Journal of Nuclear Cardiology

, Volume 19, Issue 5, pp 895–900

Tracking patient radiation exposure: Challenges to integrating nuclear medicine with other modalities

  • Mathew Mercuri
  • Madan M. Rehani
  • Andrew J. Einstein
Perspective

DOI: 10.1007/s12350-012-9586-x

Cite this article as:
Mercuri, M., Rehani, M.M. & Einstein, A.J. J. Nucl. Cardiol. (2012) 19: 895. doi:10.1007/s12350-012-9586-x

Abstract

The cumulative radiation exposure to the patient from multiple radiological procedures can place some individuals at significantly increased risk for stochastic effects and tissue reactions. Approaches, such as those in the International Atomic Energy Agency’s Smart Card program, have been developed to track cumulative radiation exposures to individuals. These strategies often rely on the availability of structured dose reports, typically found in the DICOM header. Dosimetry information is currently readily available for many individual x-ray-based procedures. Nuclear medicine, of which nuclear cardiology constitutes the majority of the radiation burden in the US, currently lags behind x-ray-based procedures with respect to reporting of radiation dosimetric information. This article discusses qualitative differences between nuclear medicine and x-ray-based procedures, including differences in the radiation source and measurement of its strength, the impact of biokinetics on dosimetry, and the capability of current scanners to record dosimetry information. These differences create challenges in applying, monitoring, and reporting strategies used in x-ray-based procedures to nuclear medicine, and integrating dosimetry information across modalities. A concerted effort by the medical imaging community, dosimetry specialists, and manufacturers of imaging equipment is required to develop strategies to improve the reporting of radiation dosimetry data in nuclear medicine. Some ideas on how to address this issue are suggested.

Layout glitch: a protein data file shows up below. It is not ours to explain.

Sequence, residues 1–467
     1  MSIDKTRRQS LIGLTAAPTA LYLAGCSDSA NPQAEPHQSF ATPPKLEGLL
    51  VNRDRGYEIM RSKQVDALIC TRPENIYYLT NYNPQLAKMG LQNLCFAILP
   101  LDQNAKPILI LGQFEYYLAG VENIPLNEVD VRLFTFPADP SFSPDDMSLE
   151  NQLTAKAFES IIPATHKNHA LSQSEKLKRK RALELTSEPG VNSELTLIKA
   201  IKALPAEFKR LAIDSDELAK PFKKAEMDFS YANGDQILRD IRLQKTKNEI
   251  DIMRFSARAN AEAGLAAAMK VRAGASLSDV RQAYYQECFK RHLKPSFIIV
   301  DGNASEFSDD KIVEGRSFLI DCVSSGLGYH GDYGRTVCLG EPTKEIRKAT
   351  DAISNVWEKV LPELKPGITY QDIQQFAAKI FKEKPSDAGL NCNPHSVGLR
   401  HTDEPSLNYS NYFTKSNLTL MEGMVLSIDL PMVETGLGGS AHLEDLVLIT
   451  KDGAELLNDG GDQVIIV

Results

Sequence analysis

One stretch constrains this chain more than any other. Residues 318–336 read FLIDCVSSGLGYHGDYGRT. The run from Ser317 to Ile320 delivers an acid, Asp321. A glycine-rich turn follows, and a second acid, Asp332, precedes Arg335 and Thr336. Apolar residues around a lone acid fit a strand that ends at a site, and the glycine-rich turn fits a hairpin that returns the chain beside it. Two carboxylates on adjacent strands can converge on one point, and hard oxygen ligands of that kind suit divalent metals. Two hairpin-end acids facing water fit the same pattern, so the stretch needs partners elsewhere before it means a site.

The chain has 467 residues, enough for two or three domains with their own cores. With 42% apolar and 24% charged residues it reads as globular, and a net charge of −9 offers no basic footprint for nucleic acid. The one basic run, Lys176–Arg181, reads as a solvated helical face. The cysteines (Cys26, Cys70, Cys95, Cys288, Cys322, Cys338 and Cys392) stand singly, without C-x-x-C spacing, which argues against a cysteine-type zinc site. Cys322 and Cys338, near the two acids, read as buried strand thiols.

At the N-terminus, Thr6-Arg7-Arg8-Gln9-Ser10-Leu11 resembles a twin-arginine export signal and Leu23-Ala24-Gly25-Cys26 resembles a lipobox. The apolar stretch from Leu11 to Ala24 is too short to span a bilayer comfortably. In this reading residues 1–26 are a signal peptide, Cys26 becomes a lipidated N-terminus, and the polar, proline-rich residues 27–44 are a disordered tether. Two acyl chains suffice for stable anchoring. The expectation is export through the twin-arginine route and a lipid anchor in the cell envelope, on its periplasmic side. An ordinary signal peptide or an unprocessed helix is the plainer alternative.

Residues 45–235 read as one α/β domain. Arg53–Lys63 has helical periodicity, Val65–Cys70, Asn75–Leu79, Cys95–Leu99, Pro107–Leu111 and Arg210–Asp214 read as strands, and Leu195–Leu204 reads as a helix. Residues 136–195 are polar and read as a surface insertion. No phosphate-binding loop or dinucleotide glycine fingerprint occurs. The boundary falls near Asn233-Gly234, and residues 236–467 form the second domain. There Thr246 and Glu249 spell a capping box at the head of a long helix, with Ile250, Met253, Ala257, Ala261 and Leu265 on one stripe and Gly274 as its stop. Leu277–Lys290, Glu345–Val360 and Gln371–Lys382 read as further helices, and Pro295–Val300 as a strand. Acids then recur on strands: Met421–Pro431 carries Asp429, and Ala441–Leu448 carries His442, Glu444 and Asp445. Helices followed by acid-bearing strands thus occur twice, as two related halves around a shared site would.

Keywords

Radiation exposure tracking cumulative patient dose radiation dose nuclear imaging effective dose 

Copyright information

© American Society of Nuclear Cardiology 2012

Authors and Affiliations

  • Mathew Mercuri
    • 1
  • Madan M. Rehani
    • 2
  • Andrew J. Einstein
    • 3
  1. 1.McMaster UniversityHamiltonCanada
  2. 2.Radiation Protection of Patients UnitInternational Atomic Energy AgencyViennaAustria
  3. 3.Division of Cardiology, Department of Medicine, and Department of RadiologyColumbia University Medical CenterNew YorkUSA

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